The classic Marathi novel about the love affair between the Brahmin prime minister of the Maratha empire and a half-Muslim dancer, now available in a fine English translation.
N.S. Inamdar. Rau: The Great Love Story Of Bajirao Mastani. Pan Macmillan. 2016.
N.S. Inamdar’s novel titled Raau in Marathi has now appeared in the form of a translation in English. Translated by Vikrant Pande and titled Rau: The Great Love Story of Bajirao Mastani, its protagonist is Peshwa Bajirao, the Peshwa (prime minister) during Chhatrapati Shahu Maharaj’s reign. Driven by the goal of expanding the Maratha empire, Bajirao’s fearlessness makes him a nightmare for his rivals on the battlefield.
The novel has several dimensions, which make value additions, among them the author’s depiction of war-related experiences and life inside the Shanivar Wada haveli that “was a symbol of the power the Peshwa enjoyed in Pune”. However, it derives its essential beauty from the unlikely romance between Bajirao and Mastani, a half-Muslim dancer from Bundelkhand.
Inamdar writes: “Her mere presence had intoxicated him. The one who stood before him was not an ordinary courtesan, one who merely entertained with her singing and dancing. The pull she created was magical.” Such responses aren’t transient upheavals of the heart; instead, they would lead to a romance that holds us in thrall as it hurtles towards a tragic end.
Several interesting characters come alive in the book. Kashibai’s gentle personality and her love for her husband Bajirao doesn’t stop her from taking a firm stand after Mastani’s presence becomes increasingly dominant, and she is made to reconcile with indifference.
Radhabai, the Peshwa’s mother, is a strong-willed lady for whom principles that must be followed by a Peshwa of the Konkanastha Chitpawan Brahmin community are of paramount importance. She would turn against Bajirao.
Chimaji Appa, the Peshwa’s brother, contributes to the cause of territorial expansion by playing a pivotal role as a leader of men during wars. His decision regarding Bajirao would be no different from his mother’s.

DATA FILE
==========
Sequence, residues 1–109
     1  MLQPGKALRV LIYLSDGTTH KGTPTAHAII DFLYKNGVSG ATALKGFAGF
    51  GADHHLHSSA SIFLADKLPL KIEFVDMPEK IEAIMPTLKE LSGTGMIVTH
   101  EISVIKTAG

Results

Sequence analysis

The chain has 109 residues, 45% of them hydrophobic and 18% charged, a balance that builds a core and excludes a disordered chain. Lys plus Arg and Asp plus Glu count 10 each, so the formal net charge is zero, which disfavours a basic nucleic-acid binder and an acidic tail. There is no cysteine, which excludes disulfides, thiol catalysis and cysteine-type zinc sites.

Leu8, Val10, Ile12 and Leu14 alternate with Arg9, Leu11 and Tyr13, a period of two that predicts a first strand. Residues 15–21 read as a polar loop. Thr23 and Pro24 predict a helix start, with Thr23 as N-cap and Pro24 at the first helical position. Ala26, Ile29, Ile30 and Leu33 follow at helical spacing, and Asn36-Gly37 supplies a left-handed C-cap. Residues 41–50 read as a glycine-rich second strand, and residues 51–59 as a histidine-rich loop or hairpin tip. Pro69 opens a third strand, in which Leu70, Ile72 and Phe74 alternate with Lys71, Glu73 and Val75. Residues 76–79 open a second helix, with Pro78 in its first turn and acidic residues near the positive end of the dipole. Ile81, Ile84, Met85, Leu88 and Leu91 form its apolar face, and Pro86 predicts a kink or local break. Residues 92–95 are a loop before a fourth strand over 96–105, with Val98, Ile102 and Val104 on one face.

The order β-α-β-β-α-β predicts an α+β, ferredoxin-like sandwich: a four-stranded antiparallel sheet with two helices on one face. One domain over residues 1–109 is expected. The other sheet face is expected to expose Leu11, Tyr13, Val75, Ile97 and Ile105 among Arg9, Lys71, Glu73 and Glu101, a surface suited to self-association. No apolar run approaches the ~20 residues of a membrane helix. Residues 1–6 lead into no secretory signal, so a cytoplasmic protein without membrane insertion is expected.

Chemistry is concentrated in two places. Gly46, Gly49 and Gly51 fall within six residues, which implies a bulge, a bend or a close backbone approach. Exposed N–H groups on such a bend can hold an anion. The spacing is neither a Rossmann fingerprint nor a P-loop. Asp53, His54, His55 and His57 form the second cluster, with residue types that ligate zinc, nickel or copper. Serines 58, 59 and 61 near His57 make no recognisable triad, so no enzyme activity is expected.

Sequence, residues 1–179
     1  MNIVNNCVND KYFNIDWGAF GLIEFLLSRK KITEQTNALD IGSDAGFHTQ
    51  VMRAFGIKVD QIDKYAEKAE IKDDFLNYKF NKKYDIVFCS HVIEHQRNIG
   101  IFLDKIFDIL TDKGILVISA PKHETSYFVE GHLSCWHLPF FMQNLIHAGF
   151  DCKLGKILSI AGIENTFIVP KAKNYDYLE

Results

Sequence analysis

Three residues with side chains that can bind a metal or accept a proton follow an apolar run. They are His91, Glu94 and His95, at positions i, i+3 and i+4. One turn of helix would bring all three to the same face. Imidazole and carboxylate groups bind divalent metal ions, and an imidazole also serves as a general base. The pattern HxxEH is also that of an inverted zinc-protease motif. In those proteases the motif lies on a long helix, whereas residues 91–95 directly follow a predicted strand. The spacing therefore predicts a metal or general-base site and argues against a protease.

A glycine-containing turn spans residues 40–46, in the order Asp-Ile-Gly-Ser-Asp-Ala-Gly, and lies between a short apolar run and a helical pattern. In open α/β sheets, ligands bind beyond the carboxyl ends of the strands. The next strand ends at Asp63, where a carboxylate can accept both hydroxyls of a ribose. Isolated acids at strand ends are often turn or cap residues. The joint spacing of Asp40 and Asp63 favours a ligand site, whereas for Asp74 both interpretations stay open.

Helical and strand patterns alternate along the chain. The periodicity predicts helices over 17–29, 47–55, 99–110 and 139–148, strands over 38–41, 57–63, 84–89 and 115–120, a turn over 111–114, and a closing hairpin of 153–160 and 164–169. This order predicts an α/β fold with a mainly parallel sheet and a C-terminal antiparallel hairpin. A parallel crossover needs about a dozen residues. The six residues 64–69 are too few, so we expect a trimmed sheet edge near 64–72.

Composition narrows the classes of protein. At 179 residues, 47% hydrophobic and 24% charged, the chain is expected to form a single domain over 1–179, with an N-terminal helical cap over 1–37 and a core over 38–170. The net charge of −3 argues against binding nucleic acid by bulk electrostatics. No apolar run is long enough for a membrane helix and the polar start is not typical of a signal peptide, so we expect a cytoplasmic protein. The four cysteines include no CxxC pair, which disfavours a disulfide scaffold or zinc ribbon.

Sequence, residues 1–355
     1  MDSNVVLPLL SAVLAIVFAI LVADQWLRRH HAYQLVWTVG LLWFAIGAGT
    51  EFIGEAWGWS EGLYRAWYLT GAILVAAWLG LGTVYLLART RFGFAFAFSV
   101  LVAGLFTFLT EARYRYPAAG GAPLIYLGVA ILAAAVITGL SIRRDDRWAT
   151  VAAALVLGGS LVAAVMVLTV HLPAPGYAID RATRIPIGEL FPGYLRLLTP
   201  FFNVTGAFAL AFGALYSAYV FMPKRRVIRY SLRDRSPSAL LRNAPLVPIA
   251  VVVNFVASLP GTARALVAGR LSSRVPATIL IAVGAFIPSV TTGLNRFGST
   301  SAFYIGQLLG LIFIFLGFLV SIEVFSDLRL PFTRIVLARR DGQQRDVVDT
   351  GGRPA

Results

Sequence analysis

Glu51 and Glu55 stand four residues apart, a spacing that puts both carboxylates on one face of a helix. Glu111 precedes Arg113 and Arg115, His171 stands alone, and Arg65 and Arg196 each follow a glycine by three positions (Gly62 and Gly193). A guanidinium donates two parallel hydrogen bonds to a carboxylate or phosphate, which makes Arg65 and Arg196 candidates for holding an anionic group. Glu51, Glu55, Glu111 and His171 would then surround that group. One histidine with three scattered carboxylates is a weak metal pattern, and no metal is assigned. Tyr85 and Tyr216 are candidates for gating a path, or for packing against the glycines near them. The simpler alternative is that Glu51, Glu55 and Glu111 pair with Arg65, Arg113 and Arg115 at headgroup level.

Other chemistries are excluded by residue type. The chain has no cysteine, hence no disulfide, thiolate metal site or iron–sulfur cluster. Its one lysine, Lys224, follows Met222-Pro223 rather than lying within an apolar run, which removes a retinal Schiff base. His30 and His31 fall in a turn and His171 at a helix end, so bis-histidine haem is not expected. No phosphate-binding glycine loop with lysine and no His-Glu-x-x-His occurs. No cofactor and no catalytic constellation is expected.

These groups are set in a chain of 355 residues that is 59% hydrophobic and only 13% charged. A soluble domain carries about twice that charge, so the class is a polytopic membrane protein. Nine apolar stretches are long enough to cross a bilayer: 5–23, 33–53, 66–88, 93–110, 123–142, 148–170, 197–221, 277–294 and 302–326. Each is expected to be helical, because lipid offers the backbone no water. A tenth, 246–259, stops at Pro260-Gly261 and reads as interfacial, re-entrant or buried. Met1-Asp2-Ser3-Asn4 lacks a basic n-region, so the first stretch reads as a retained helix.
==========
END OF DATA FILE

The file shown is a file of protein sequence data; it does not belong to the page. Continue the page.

Others like the Peshwa’s rivals, several key officials, opponents, and family members aren’t comparably strong. But their presence and impact in crucial moments makes significant contributions to the novel’s richness of texture.
Bajirao without campaigns is impossible to imagine. If their presence is understandable, the most important one being the march to Delhi to confront the might of the Mughal rule, Bajirao spells out his vision while reminding the Chhatrapati of a promise once made: “Taking the waters of all the sacred rivers in his palm, the elder Maharaj had taken an oath to release Hindustan from the grip of the Mussalmans and that he would see the flag of Hindavi Swaraj fluttering in all its glory in each and every pilgrimage place. Didn’t your Highness appoint us as the Peshwa precisely to fulfil that dream? We are bound by our duties. What else is the use of such high-sounding titles if not for making those dreams come true?”
But, while Bajirao fights many wars, his love for Mastani unveils his human side in all its shades. He is willing to take on the wrath of the powerful Brahmins and confront the possibility of ostracism. Acutely aware that he is the Peshwa who is supposed to uphold the ideals for society to emulate, he shocks the orthodoxy by declaring his love for Mastani.
Not only that, he gets her to the haveli as his second wife, and gives her each and every honour he can. Disguising his feelings because of practical considerations is an easy route, but that is not the one Bajirao opts for. “Keep in mind that our fates are interlinked from now on,” he tells an official, who is also a friend. His commitment towards Mastani is one of the two foundations of the great love story.
Mastani, who makes the other half, is an arresting presence. Beautiful, vulnerable, and victimised by social wrath because of her love for the Peshwa, the haloed one, she doesn’t forget her roots while being devoted to her man.
Challenging all adversities, she is the happiest when she finds her “Rau”, the man who means everything to her. Both of them find bliss in each other’s arms, which is all they want. “The lingering kisses, the unending embraces and the sweet words—it was romance at its peak, unbridled, unfettered...” What makes Mastani the most unforgettable character is the feeling that, in spite of Bajirao’s unconditional love for her, we cannot help feeling that she deserves a lot more than she gets.
The last moments evoke uneasy memories of a past in which two lovers had sought union. One, a warrior and a leader, had surrendered to tradition. The other had experienced the power of tradition all through her life anyway.
Well-known for inspiring Bajirao Mastani, filmmaker Sanjay Leela Bhansali’s grand dream, which made changes like showing Mastani as a princess and making her dance with Kashibai, Rau’s appeal in its English avatar originates from Pande’s translation, which is faithful to the original and carries the story forward in an engaging, easy-to-read style. Let us hope for more such translations in the near future.
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